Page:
A French appeals court has reinstated the marriage of a Muslim man who sought an annulment because his bride lied about being a virgin. A lower court granted the annulment but the appellate court has declared that they are still unhappily married.
The couple married in 2006 and the lower court in northern town of Douai granted the annulment, stating that the woman “acquiesced” to the man’s demand for one “based on a lie concerning her virginity.” The annulment was based on an article of the French Civil Code that states that a spouse can seek an annulment if the partner has misrepresented his or her “essential qualities.”
What is most interesting here is that both the man and the woman opposed the appeal. However, prosecutors insisted that the annulment discriminated against women. They must now seek a divorce.
It is a distinction between an annulment and a divorce. However, it raises an interesting question. Increasingly Western courts have been enforcing ruling by religious courts. Annulments are often sought on the basis of a violation of a core religious article of faith, such as the annulments secured by Catholics. The French ruling suggests that such religious criteria cannot be used as an “essential quality” of marriage.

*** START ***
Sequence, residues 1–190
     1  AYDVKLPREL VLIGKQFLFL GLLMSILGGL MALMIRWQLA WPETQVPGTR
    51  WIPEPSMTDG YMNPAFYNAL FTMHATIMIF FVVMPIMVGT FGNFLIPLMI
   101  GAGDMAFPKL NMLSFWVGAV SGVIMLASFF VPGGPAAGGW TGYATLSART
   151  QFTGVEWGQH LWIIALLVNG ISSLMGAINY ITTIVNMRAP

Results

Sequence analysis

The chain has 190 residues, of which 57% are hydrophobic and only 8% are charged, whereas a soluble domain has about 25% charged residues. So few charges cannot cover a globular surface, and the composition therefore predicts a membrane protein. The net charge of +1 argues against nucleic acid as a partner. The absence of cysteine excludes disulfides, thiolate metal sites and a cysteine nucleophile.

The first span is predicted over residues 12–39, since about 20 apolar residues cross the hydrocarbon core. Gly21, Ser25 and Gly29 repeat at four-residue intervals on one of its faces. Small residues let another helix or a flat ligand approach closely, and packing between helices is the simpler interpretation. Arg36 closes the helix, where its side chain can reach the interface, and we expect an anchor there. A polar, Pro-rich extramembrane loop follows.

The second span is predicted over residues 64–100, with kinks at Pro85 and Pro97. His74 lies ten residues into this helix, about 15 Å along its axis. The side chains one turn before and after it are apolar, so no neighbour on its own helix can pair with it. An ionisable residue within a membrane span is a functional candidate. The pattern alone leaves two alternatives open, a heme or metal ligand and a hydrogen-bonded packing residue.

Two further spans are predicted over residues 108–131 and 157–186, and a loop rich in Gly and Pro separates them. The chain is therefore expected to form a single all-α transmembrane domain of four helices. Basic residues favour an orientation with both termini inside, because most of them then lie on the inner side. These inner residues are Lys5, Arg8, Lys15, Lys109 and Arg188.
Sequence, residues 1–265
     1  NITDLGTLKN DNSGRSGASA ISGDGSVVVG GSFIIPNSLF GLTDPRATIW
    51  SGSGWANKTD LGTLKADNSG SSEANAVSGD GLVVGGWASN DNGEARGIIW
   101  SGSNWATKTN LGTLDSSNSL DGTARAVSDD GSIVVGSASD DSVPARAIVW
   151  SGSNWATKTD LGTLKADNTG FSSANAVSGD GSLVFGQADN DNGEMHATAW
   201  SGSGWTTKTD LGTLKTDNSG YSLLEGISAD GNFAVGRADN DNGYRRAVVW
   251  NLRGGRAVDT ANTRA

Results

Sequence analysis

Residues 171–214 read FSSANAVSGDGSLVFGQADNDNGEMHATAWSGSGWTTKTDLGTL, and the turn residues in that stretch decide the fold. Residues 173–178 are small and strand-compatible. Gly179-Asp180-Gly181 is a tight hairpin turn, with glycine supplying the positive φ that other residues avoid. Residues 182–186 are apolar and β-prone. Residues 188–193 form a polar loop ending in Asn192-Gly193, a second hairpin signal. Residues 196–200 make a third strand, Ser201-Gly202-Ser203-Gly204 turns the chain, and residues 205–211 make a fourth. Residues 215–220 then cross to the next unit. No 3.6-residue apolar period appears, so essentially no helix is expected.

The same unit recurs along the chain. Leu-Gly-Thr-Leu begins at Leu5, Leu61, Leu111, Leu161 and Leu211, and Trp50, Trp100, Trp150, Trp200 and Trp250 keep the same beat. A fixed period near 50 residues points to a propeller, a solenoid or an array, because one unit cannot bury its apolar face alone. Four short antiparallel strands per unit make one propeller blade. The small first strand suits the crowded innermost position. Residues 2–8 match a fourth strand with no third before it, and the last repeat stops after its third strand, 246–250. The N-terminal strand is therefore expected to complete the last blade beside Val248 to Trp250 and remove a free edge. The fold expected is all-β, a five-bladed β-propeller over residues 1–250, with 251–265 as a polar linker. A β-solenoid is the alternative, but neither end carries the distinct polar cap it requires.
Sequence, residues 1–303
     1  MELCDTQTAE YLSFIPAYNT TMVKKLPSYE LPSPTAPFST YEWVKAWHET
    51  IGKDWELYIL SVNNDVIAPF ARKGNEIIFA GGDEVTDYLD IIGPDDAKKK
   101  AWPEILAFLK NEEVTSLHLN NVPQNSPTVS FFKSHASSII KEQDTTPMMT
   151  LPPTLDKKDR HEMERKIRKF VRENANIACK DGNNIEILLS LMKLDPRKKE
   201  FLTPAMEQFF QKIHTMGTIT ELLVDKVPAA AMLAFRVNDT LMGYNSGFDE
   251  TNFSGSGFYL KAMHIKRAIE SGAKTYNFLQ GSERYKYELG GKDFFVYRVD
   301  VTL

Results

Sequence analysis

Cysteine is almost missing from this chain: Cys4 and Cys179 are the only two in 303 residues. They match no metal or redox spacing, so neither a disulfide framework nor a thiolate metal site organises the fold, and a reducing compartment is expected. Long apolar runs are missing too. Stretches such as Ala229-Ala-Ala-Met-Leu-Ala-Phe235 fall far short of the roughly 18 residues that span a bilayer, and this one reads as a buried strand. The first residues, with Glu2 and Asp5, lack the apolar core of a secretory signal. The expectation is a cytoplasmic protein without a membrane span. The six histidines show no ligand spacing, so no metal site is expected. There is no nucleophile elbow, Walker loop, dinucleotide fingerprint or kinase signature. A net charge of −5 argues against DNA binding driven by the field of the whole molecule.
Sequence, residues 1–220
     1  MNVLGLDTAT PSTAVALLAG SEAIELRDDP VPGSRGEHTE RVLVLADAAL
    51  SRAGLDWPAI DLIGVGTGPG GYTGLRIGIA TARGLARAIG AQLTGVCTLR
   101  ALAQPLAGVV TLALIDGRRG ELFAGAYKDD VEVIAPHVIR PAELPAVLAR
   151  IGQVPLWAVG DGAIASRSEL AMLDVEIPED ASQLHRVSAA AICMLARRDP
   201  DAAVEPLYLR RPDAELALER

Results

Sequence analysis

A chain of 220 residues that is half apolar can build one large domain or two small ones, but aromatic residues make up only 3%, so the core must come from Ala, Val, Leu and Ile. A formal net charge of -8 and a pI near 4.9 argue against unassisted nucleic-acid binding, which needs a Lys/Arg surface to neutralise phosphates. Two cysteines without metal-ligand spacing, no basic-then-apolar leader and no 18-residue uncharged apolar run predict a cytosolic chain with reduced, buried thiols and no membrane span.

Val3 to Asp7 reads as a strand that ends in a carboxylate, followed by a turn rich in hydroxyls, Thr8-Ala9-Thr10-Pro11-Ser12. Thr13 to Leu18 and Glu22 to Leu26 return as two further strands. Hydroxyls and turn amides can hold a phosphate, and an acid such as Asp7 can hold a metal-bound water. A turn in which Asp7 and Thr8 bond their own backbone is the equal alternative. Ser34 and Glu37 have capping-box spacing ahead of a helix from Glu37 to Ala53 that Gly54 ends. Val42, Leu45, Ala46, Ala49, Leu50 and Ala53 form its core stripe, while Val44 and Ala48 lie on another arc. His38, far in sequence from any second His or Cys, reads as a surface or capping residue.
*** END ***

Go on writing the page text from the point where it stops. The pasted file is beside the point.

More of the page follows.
I personally find the virginity issue to be perfectly medieval. Yet, the case does raise the question of why state and countries have annulment proceedings. Of course, my preference (stated too many times before) is to have a uniform civil union license that can be entered into or dissolved by adult couples (including same-sex couples).
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